One of the most recent poets we focused on in class was Langston Hughes. Even though I have studied some of Hughes’ work in past years, I thoroughly enjoyed reading his poetry again for Humanities class. For me Langston Hughes has always been one of those writers that I naturally find myself gravitating toward. I find his somewhat simplistic style and beliefs as a writer to be refreshing and inspiring. His role in the New Negro Movement or The Harlem Renaissance as it most commonly known, bought forth a new aesthetic and understanding for blacks during this time. Instead of desperately displaying his talents to be just as good as his white counterparts, Hughes instead found a more “powerful political tool” by using realities of black-life as his basis. In doing so he provided a “sense of racial identity and shared experience.” (American Literature, p.110) For instance in his poem Mother to Son, the familiarity of ones mother sharing and ultimately teaching her child makes the poem relatable and personal.
I entirely agree with his version of “race improvements” (American Literature, p.110), in which he thought it better to appeal to the black masses by using words more familiar to black culture. This also refers to Hughes’ immersion of blues and jazz rhythm in his poetry. His usage of this rhythm is another example of connecting with his people. He once made this statement: “I tried to write poems like the songs they sang on seventh street.” (Academy of American Poets, p.1) Unfortunately searching the Internet for Hughes reciting one of his poems was a less successful task then expected, I did however, manage to find an clip of actor Danny Glover reading Ballad of Roosevelt (Figure 1). In this poem he criticizes FDR’s broken promises. It is a perfect display of Hughes’ ability to merge “traditional verse” with “black artistic forms like blues and jazz.” (O.E.R. Commons, p. 1)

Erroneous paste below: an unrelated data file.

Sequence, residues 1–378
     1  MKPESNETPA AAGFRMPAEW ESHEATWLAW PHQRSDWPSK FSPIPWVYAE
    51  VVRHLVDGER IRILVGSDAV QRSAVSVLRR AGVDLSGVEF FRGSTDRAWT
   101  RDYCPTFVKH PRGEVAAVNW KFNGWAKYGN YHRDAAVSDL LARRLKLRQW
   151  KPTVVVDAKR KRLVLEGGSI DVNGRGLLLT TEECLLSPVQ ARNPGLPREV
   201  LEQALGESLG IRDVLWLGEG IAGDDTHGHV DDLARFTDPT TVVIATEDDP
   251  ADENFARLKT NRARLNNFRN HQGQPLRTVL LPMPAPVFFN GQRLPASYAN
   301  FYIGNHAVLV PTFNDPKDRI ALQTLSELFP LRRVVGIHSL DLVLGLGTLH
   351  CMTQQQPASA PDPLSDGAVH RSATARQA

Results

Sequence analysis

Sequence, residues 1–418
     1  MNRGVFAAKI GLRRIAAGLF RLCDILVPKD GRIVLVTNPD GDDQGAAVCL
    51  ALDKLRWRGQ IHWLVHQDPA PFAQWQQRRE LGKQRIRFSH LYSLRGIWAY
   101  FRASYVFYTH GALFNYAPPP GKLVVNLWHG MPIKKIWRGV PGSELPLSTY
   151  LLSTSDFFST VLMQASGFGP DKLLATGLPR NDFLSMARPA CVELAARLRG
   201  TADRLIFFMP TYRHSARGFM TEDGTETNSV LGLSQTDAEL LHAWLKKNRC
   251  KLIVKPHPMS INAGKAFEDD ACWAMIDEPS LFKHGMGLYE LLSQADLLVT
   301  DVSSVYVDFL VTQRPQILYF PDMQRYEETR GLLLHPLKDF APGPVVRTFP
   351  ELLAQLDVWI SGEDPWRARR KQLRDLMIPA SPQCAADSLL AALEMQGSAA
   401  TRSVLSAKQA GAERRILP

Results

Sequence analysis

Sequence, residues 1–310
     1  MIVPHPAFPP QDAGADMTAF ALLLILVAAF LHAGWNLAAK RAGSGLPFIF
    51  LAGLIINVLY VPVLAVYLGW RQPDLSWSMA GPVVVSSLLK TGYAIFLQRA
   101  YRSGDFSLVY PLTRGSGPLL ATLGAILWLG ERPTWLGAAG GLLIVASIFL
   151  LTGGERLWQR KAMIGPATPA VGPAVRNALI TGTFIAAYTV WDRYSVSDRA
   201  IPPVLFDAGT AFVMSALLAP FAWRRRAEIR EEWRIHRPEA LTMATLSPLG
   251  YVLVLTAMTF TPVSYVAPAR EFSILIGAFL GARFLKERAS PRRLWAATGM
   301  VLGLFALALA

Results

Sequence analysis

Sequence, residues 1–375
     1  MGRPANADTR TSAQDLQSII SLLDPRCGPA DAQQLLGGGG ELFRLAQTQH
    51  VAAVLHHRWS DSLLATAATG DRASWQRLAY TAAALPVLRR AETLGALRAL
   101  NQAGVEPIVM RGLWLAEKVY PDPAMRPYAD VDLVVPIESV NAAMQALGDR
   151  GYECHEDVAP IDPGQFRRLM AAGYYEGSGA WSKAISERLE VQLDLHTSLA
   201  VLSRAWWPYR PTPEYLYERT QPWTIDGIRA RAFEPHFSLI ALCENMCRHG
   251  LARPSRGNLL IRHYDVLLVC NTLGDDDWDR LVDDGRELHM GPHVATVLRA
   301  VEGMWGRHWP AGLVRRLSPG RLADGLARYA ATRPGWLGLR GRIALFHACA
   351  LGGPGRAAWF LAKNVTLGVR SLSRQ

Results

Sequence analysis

Out of all three of the poems in the American Literature book my favorite was “Dream Variations.” I interpreted the poem as a dream of equality. The first stanza Hughes writes about being able to just be and live, no matter whoever (whites) is around. This stanza represented the dream he had, as the wording seemed more organic and soft, hence dream-like. The second stanza was the poet’s reality. The sentences were in a command form such as “Dance! Whirl! Whirl!” and eliminating words like “Then” in line 14 also supports this command theme. I profoundly respect how Hughes chooses to embrace his blackness and spread his notions in such a strait forward way.
Academy of American Poets. “Langston Hughes the songs on Seventh street.” http://www.poets.org/viewmedia, Safari. January 2010
American Literature. New York: Pearson, 2010
OER Commons. “Waitin’ on Roosevelt.” http://www.oercommons.org/libraries/waitin-on-roosevelt. Safari. January 2010